Millions sat idle while there are 100,000 vacancies.

UNISON is now calling for the Government to change the rules so levy funding can also be spent on apprentice salaries and the wages of staff employed to cover for apprentices when they are training.

They have also suggested that the money could be used to fund a new extensive apprenticeship programme across the entire NHS for nursing and all the other health professions experiencing shortages.

Sara Gorton, Head of Health at UNISON, said; “Hundreds of millions of pounds are sitting idle at a time when budgets are stretched and there are 100,000 vacancies across the NHS,”.

“There are real concerns about the standard of training apprentices receive, with many carrying out administrative and clinical support roles for peanuts. Ministers must reform the system to ensure money allocated to the health service stays within the NHS and invest properly to ensure apprenticeships play a full role in solving the growing staffing crisis.”

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Health Politics

Bill calling for safer staffing legislation put before Parliament

There are now 43,671 vacant nursing posts throughout the NHS in England alone.



Maria Caulfield

The Bill will seek to “establish legally enforceable nursing staffing levels in the NHS in England.”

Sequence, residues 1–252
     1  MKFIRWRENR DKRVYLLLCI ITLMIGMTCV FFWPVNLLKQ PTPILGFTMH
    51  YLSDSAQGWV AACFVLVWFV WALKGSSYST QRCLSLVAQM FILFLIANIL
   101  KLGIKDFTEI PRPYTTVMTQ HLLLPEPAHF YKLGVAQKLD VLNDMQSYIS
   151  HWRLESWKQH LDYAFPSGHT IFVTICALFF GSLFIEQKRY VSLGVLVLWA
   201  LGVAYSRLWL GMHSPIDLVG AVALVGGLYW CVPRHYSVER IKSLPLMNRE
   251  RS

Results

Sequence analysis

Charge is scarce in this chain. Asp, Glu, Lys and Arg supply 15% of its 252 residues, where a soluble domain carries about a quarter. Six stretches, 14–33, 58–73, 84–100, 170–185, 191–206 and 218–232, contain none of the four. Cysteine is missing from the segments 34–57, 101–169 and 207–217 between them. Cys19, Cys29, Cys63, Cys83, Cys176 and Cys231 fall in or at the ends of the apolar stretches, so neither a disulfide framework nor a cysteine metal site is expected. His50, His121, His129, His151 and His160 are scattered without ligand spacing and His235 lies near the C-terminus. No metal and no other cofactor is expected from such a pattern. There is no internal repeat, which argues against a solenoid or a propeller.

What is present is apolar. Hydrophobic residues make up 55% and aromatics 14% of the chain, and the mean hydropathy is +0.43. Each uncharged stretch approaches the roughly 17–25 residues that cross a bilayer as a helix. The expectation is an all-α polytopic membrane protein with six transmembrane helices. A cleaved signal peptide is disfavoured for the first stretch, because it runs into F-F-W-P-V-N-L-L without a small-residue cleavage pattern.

Maria Caulfield, Conservative MP for Lewes, nurse and member of the Royal College of Nursing (RCN), today brought a Bill designed “to establish legally enforceable nursing staffing levels in the NHS in England.”

The Bill comes as nursing vacancy rates hit a record high with 43,671 empty nursing posts in the NHS in England alone – leaving 12% of full-time nursing posts unfilled.


In a report released today titled ‘Standing up for patient and public safety’, the RCN highlights the impact the nursing staffing crisis is having on patient safety.

Scotland recently secured new legislation on safe staffing and a nurse staffing law was introduced in Wales in 2016.

‘No one is responsible and no one is accountable’.

Ms Cauldfield said; “There is increasing evidence that the right number of qualified nurses can improve patient outcomes in terms of mortality, morbidity and quality of care and that conversely, an insufficient number of nurses can have a potentially life-threatening effect for patients.”

Presenting the primary aim of the Bill as; “to make the Government accountable for nursing levels in England, as currently no one is accountable for nursing levels in England and that is why we have such a high nursing vacancy rate.”

Before adding that the other aims of the Bill were ensuring the NHS has “a fully costed workforce strategy and nursing numbers” alongside ensuring training and development for nurses throughout their career.

Cauldfield controversially voted against scrapping the pay cap for NHS workers in 2017.